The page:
Probate fees are increasing and a new death tax is starting

Assured Wealth and Estate Planning guide to the increased fee level and how forward planning can mitigate the new fees

What is probate?

When someone dies, you need to obtain the legal right to deal with their property, money and possessions, and to do so you need a grant of representation, which is commonly known as ‘probate’.

When is probate not needed?

Usually you won’t need to apply for probate if the estate does not include land, property or shares, if it is passing to a surviving spouse or civil partner because it was held in joint names or if the estate is valued at less than £5,000. However, each financial institution has its own rules and may still require a grant of probate certificate.

The new fees will apply to all applications received by the probate service on or after the date it is introduced in April 2019, irrespective of the date of death.

What is happening to probate fees?

In November 2018, the government announced that probate fees in England and Wales will change from April 2019.  They are moving from a fixed fee to a sliding scale, where fees increase with the value of your estate.

This will replace the current flat fees of £155 if you apply through a solicitor, or £215 for a personal application. The initial proposal to link probate fees to the value of the estate was published in February 2016 and attracted overwhelming opposition.  Despite overwhelming opposition and criticism from the legal profession the Ministry of Justice announced, on the 5th November 2018, that the new system will be brought in from April 2019.

The good news is that the lower limit for probate has been increased from £5,000 to a more realistic level of £50,000. This is long overdue and will help many people avoid the stress, time and cost of probate.

The bad news is that the new fees are effectively another tax that everyone else will need to pay when they die. It has commonly been described as both a new “death tax” and a new “stealth tax”.

The new probate fee structure as of April 2019, will be as follows:

Value of Estate 

New Fee

% Increase (from £215)

Up to £5,000



£5,000 – £50,000



£50,001 –£300,000


£85 or up 40%

£300,001 – £500,000


£535 or up 249%

£500,001 – £1m


£2,285 or up 1063%

£1m – £1.6m


£3,785 or up 1761%

£1.6m – £2m


£4,785 or up 2226% 

Over £2m 


£5,785 or up 2691%

What can you do to reduce these fees?

Applying for probate takes time as you need to gather in documents and all the relevant information regarding the value of the estate to ensure any inheritance tax obligations are correctly accounted for. If you are very recently bereaved, you should proceed to submit a full application for probate as quickly as possible and before the new fees are implemented.

Is there any way of legitimately avoiding the new probate fees?

Yes, there is; any assets that are held in a lifetime trust are held in the names of the trustees of your trust. As a result, they do not form part of your estate when you pass away. This has two financial advantages:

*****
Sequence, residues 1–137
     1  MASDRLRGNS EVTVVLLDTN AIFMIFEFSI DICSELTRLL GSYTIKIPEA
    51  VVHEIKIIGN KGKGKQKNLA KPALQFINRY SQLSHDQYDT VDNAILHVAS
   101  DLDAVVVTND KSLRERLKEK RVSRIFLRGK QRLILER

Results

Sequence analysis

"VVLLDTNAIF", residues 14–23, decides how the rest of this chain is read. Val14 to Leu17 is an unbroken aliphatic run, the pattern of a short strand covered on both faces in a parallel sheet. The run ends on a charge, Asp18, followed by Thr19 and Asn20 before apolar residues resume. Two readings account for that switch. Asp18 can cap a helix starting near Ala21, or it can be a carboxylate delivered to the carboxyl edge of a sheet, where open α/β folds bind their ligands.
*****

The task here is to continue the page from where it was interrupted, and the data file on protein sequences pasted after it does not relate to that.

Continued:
1. The assets are not part of your estate for the new probate fee.
  2. The assets do not need to go through the formal probate process, potentially saving you legal fees of professional probate, which can be as high as 4% to 5 % of your estate value but as low as 1% to 2%.

Even on a relatively modest estate, with a £350,000 house and £150,000 of savings and investments that’s savings on probate (at 1%) on first death of about £3,750 and second death of about £8,500.

Are there any other benefits of setting up a trust during my lifetime?

Yes, there are lots. Most people want to protect each other during their lifetime and then maximise the wealth passing down their bloodline to their love ones. As well as mitigating probate fees, legal costs and delay of probate any assets held in a lifetime trust should also be protected from: –

Sideways disinheritance, where your children are disinherited

Make much better provision for your loved ones by avoiding a beneficiary being disinherited as a result of:

  • Marriage and divorce
  • Early death and sideways disinheritance
  • Financial issues / insolvency
  • Generational Inheritance Tax

Lifetime trusts have been used for over 700 years to protect family wealth. You can make sure your wealth passes to your beneficiaries but need to plan ahead to avoid a myriad of threats. Under the terms of the Trust Deed (the trust rulebook) you retain full control over all aspects of the trust, during your lifetime. This can be a complicated area and you should take specialist estate planning advice.

If you would like to know how to protect your family from “death taxes” call our adviser team on: 01925 396122 to book a FREE review at a time and place to suit you. Or complete the contact form and a member of our team will call you.

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